The October jobs report was strong. Payrolls shot up 531,000 and the unemployment rate fell to 4.6%, the lowest since the pandemic began.
The reaction from economists and labor-market observers was mostly hopeful.
“This is the kind of recovery we can get when we are not sidelined by a surge in COVID cases,” Indeed's economic research director Nick Bunker said. "If that metric were to grow at its recent pace, it would hit its pre-pandemic level by next fall.”
Healing from the coronavirus impact continued, as the hospitality and leisure sector saw solid growth. Every time a spike in cases occurred, this industry suffered.
Bunker pointed out that total payrolls are still 8% down from pre-pandemic times, but said that “today’s report is a sign that recovery could be closer than many thought.”
Pretty good, but more upside on the table
As ING’s James Knightley put it, “decent US jobs growth, but it should be so much better,” noting a "sense of mild disappointment.”
Bank of America’s US economists said much the same, and added another dose of caution to the well-received news, reminding clients of the still challenging situation, especially with the labor participation rate.
“The ongoing decline in the unemployment rate and strong wage growth suggest labor market slack is diminishing rapidly,” analysts wrote. “That said, there are still 4.2 million fewer people employed today than in February 2020 and the labor force participation rate was unchanged at 61.6%.”
That stagnant participation rate, they added, stems from a surge in retirements (“The Great Resignation”) and concern over Covid, as well as the continued issue of childcare. The participation rate for prime age workers (25-54) is still under its pre-pandemic level (81.7% to 83.0%), a bit of labor market slack that Fed Chair Jerome Powell mentioned at the Federal Open Market Committee meeting this week.
Even the rise in wage growth wasn’t enough to change this supply issue, BofA analysts added.
Hourly wages rose 0.4% compared to September, for a 4.9% year-over-year growth, a trend of rising wage growth Oxford Economics call “The Great Negotiation.”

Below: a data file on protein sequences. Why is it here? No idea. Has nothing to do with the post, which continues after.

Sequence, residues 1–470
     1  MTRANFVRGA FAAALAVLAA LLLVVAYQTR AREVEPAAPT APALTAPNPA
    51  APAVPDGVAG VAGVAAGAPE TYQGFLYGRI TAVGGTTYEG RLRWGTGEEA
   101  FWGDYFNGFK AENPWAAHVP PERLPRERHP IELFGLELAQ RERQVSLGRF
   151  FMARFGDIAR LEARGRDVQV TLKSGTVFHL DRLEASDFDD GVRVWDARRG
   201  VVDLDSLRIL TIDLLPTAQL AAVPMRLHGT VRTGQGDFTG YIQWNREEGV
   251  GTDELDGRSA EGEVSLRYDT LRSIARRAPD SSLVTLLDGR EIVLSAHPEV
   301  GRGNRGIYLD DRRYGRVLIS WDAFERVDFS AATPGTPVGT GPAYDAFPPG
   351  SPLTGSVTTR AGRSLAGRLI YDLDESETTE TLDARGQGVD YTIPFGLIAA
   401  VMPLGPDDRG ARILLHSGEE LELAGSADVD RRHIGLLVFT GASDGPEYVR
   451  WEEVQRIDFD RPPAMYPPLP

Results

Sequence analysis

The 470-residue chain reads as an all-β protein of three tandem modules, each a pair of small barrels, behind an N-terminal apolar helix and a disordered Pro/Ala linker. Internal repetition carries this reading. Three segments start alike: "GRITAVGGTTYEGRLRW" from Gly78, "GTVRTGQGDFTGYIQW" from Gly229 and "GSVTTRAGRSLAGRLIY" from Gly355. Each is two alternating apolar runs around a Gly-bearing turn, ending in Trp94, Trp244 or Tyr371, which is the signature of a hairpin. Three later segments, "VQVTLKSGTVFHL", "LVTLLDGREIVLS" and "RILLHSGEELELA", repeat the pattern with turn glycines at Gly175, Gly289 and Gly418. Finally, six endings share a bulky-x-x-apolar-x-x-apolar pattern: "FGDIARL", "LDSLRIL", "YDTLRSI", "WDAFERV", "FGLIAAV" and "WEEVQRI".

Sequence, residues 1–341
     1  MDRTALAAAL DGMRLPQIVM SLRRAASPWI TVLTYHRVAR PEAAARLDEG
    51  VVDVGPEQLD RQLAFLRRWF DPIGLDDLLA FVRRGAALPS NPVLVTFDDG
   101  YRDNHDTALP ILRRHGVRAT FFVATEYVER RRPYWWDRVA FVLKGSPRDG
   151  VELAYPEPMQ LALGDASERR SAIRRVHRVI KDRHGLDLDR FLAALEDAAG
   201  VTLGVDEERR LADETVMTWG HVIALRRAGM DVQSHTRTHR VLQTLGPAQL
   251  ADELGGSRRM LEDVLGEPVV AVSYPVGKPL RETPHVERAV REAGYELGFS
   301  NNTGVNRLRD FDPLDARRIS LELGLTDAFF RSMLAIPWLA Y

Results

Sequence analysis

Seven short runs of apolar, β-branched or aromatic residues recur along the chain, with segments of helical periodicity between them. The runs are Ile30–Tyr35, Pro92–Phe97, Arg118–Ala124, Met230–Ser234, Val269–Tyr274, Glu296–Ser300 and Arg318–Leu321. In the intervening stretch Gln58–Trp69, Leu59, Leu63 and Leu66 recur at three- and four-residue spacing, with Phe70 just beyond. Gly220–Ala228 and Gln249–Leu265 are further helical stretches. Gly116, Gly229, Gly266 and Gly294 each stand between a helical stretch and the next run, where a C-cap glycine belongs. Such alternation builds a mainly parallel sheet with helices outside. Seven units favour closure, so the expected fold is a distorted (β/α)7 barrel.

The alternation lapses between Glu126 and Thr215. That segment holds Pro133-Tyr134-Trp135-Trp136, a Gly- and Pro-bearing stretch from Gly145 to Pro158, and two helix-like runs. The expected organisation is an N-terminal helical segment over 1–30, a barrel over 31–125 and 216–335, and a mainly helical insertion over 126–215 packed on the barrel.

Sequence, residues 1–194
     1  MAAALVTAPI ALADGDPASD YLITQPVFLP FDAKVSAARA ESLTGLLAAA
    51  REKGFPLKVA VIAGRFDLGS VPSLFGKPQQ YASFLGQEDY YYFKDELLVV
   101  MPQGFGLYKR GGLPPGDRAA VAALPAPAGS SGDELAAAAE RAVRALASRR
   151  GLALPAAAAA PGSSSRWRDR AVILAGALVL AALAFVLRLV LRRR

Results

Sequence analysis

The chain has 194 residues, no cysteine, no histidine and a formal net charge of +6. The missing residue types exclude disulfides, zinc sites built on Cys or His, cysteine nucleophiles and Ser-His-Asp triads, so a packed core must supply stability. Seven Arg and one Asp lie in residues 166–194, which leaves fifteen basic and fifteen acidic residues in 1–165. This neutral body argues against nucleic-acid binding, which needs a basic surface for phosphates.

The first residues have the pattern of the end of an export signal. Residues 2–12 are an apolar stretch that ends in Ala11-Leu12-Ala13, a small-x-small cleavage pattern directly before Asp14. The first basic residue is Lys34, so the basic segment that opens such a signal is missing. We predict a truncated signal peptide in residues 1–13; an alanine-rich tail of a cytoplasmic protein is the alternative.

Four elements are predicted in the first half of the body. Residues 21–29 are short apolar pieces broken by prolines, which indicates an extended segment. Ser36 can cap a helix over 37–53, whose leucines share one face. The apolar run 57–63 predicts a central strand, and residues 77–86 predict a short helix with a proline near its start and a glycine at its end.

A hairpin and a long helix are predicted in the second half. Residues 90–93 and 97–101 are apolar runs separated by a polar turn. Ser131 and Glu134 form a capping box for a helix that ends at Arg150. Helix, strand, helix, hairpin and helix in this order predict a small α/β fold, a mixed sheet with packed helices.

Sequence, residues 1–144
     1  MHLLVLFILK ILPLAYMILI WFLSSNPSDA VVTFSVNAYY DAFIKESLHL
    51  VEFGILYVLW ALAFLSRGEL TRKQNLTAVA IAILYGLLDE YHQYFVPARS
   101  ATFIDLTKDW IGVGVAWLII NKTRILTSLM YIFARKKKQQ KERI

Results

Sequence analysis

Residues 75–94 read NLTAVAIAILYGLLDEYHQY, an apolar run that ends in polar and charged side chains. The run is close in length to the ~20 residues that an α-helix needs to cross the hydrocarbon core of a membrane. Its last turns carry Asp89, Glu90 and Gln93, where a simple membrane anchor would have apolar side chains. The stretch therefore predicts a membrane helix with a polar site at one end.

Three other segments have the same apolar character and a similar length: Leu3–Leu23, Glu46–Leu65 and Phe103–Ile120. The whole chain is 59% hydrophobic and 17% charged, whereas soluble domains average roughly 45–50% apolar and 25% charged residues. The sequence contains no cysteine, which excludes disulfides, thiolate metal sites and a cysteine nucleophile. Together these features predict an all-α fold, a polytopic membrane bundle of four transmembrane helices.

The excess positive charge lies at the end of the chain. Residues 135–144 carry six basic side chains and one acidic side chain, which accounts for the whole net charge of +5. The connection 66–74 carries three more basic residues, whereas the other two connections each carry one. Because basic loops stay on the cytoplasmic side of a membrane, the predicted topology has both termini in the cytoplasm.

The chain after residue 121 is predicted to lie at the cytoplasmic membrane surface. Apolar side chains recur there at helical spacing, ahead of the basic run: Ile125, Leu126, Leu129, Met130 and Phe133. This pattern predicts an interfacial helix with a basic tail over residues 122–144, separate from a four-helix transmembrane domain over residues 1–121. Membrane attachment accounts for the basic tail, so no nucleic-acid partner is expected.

Knightly said wages have further to climb: “Pay will have to be bid higher, with those cost increases likely passed onto consumers.”
The good news for bulls is that this strong performance — as the market sees it — could have solid follow-ups.
That slack of under-utilized prime-aged workers is also an opportunity. ZipRecruiter's chief economist Julia Pollak said there's still "more fuel in the tank" and 5 million or more workers could come back. “If pandemic conditions continue to improve, and the unemployment rate continues to fall, we could see large numbers return, easing labor shortages and hiring constraints,” she said.
Oxford Economics analysts said this report was like clouds dissipating, and agreed with Pollak’s estimate that if the Covid situation continues to improve — Pfizer (PFE) just announced a new therapy it says is effective — job growth should be at a “cruising speed of +400k to +600k per month into 2022.”
By the second half of 2022, analysts added, we could get to pre-pandemic levels of labor force participation and the unemployment rate could dip under 4% at the end of 2022.
Commonwealth Financial Network's head of portfolio management, Peter Essele, said this suggests a "possibility that the Santa Claus rally could be one of the strongest in recent memory."